Managing in a Maelstrom

May 11th, 2011   •   no comments   

Charybdis (image source)

You’ve probably heard the saying over and over again – change is the only constant (this quote first came from an ancient Greek philosopher Heraclitus), especially in this day and age. Beyond the cataclysmic calamities wrecked by Mother Nature, I bet that many of us also face major shifts and upheavals in various aspects of our lives.

How does one manage oneself and others in the midst of tumultous changes? Here are some thoughts on what one can do to brace and ride the storm.
1) Focus intently on the end objective and keep your eyes trained on the goal posts. To lead yourself and team members through a period of uncertainty, you need to keep looking towards the future and concentrate on reaching the end. Do not be distracted (like Lot’s wife) by the past or let it drag you back into the chasm.

Turning back is dangerous! (courtesy of Dwelling in the Word)

2) Break it down into manageable pieces, and chart out intermediate milestones in the journey. Nobody likes to walk blind into a strange and foreign land without having some clues on their progress along the way. These signposts are important in helping to motivate yourself and your group to continue along the road while having some certainty that you’re moving in the right direction.

3) Communicate constantly with your team/family/group members. Silence can be extremely eerie in a fast changing environment, and a reassuring word now and then works wonders. Of course, this must be done with tact, timing and panache. Don’t spill all the beans at the first opportunity, but rather, pace it out in good time.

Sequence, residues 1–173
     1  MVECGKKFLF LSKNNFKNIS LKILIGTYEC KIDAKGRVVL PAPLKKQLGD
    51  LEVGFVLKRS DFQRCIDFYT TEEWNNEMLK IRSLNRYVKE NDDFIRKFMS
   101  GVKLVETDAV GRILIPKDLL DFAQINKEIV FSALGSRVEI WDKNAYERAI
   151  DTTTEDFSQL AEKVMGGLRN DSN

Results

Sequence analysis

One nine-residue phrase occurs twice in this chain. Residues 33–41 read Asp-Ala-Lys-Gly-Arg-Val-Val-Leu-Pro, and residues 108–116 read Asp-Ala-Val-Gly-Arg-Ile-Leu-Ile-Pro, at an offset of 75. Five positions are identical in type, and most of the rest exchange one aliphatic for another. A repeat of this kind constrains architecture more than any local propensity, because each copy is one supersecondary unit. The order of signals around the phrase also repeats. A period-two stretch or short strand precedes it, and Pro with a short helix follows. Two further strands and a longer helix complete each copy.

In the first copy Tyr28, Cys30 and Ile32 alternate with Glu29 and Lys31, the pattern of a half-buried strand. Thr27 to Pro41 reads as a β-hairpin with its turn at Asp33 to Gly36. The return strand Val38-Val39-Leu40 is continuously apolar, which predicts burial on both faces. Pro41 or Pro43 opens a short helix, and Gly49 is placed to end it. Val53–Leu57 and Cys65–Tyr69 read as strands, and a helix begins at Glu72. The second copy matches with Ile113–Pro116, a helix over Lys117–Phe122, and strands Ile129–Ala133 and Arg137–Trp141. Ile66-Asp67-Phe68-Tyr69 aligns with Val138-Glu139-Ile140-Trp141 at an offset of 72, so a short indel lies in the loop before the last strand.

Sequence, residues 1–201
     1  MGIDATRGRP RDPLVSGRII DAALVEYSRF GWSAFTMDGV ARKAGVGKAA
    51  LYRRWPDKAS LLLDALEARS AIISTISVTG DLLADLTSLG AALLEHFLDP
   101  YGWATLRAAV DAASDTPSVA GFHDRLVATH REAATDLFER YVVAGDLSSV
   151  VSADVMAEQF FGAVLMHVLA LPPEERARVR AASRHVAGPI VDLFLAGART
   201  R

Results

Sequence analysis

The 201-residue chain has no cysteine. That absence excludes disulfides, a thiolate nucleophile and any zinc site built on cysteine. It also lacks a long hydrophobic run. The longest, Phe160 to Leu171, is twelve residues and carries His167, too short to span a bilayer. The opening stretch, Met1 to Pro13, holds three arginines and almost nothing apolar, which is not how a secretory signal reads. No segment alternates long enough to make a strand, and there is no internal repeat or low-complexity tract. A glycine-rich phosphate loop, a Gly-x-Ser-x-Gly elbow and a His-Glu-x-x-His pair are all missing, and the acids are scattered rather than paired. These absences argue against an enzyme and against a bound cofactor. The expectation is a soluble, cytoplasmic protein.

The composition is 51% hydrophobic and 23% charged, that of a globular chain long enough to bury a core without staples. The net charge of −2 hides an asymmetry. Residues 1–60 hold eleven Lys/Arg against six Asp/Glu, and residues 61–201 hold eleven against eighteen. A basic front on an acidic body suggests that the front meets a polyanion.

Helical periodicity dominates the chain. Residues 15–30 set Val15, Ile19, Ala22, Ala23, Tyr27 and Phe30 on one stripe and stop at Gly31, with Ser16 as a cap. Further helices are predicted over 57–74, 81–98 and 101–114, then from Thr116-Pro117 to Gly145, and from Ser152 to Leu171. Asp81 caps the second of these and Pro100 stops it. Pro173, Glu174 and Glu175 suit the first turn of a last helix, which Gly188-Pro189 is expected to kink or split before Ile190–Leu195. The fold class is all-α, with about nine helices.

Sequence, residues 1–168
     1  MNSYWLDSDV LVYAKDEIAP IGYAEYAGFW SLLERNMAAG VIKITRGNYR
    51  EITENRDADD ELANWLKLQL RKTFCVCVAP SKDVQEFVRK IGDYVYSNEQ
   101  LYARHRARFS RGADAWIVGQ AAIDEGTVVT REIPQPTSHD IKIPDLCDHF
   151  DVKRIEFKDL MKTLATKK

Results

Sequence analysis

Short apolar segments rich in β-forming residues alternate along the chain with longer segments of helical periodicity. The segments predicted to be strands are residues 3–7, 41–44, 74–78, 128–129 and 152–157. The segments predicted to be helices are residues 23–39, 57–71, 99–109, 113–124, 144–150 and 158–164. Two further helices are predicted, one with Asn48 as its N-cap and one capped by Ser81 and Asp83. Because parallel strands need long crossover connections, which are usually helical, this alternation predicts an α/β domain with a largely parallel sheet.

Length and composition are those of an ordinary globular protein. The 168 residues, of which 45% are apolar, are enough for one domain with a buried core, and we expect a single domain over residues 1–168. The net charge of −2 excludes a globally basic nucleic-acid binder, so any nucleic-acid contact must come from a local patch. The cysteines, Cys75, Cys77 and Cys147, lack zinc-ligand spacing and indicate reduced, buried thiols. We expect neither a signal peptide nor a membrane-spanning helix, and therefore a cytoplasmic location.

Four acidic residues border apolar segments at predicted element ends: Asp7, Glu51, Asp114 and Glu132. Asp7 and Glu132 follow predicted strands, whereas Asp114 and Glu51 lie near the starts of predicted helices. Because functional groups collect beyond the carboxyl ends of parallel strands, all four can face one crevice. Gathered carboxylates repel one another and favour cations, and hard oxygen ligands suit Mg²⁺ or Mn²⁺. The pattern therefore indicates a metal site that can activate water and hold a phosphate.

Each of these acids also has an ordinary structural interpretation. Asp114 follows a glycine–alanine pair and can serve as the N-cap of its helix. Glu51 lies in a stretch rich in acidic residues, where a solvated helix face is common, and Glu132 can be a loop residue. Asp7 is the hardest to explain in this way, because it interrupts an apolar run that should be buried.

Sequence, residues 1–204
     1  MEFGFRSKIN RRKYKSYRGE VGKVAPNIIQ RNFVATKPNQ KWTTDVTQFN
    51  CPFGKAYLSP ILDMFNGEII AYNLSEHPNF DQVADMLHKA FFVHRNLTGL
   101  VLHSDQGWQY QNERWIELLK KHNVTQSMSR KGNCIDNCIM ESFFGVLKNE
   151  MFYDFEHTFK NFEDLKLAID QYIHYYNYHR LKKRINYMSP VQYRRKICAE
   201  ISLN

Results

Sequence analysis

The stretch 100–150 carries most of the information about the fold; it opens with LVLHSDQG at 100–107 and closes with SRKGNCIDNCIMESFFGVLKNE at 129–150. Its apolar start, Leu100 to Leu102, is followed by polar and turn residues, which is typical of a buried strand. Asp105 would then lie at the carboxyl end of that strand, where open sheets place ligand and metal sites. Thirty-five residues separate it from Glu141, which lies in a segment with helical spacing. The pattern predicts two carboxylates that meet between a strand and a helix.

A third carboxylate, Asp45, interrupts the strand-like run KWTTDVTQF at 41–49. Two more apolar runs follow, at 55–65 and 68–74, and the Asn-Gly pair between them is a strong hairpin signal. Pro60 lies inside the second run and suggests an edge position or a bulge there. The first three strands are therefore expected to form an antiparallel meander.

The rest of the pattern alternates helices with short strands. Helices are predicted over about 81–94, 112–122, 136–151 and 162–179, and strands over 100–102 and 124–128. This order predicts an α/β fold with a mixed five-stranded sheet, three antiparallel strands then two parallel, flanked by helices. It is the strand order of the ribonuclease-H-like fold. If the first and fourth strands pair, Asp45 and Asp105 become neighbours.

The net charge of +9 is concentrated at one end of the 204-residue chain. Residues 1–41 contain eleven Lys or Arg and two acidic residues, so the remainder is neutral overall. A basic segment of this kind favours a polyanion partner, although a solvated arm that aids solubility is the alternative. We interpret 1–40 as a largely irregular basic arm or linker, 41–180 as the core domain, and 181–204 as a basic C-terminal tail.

4) Maintain a buoyant air of optimism about the future but keep your feet firmly on the ground. To ensure success in any corporate, social or personal turnaround effort, one needs to keep one’s spirits up in the midst of trials and tribulations. While many would feel more comfortable and natural to stay status quo (a leopard never changes its spots), one should embrace the right emotional and psychological frame of mind when facing change.

5) Finally, and most importantly, show that you care. Getting buy-in for any major and radical change necessitates one to paint a brighter future for those involved in the change. Demonstrate an emotional connection to those whose lives will be impacted by the transformation, and remember to listen to their concerns. Unity in vision, purpose and passion are fundamental values in seeing through any major changes in one’s work and life.

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